Accenture exposed by misconfigured AWS storage

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Accenture exposed by misconfigured AWS storage

Security keys and 40,000 plaintext passwords.

Accenture is the latest big firm found to be operating misconfigured Amazon S3 storage buckets, exposing security credentials and customer information in the process.

Security researchers at UpGuard - which discovered other similar incidents affecting Dow Jones, Verizon, Viacom and Booz Allen Hamilton - said that found four S3 buckets run by Accenture that had been “configured for public access”.

The buckets contained “significant internal Accenture data, including cloud platform credentials and configurations”, UpGuard said in a blog post.

The researchers immediately notified Accenture and the buckets were secured within the day.

“All four S3 buckets contain highly sensitive data about Accenture Cloud Platform, its inner workings, and Accenture clients using the platform,” the researchers said.

One of the exposed buckets contained “the master access key for Accenture’s account with Amazon Web Service’s Key Management Service, exposing an unknown number of credentials to malicious use.”

Also exposed were private signing keys, VPN keys, complete event logs, and large database dumps, including “a collection of nearly 40,000 plaintext passwords ... in one of the database backups.”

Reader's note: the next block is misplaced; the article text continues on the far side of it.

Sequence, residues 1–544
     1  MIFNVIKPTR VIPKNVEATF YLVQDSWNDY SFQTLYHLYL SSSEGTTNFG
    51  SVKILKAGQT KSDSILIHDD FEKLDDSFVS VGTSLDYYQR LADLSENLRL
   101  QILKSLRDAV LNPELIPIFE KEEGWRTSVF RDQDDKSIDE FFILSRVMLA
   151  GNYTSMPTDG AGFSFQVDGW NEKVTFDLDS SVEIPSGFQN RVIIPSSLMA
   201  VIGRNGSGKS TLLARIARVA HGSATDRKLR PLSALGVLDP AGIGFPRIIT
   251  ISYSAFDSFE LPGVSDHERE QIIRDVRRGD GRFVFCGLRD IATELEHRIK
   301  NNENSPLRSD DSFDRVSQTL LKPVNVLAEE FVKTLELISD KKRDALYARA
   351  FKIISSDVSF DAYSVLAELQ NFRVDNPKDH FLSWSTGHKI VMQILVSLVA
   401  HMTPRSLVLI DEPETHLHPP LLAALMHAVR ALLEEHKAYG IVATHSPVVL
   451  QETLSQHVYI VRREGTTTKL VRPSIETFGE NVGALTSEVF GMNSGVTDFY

Many of the passwords in the files, however, were hashed.

UpGuard said that the misconfiguration “could have exposed both Accenture and its thousands of top-flight corporate customers to malicious attacks”.

The discovery came despite efforts by Amazon back in July to get S3 customers to review their configurations and potentially rethink whether they needed buckets that were open access.

In the same month, an unsecured S3 repository exposed the personal details of between 2.2 million and 4 million customers of Dow Jones.

A third-party vendor working with American telco giant Verizon also left the data of as many as 14 million United States customers exposed on a misconfigured server.

In September, Viacom suffered a similar misconfiguration issue that exposed a full set login credentials for the media giant and its subsidiaries.

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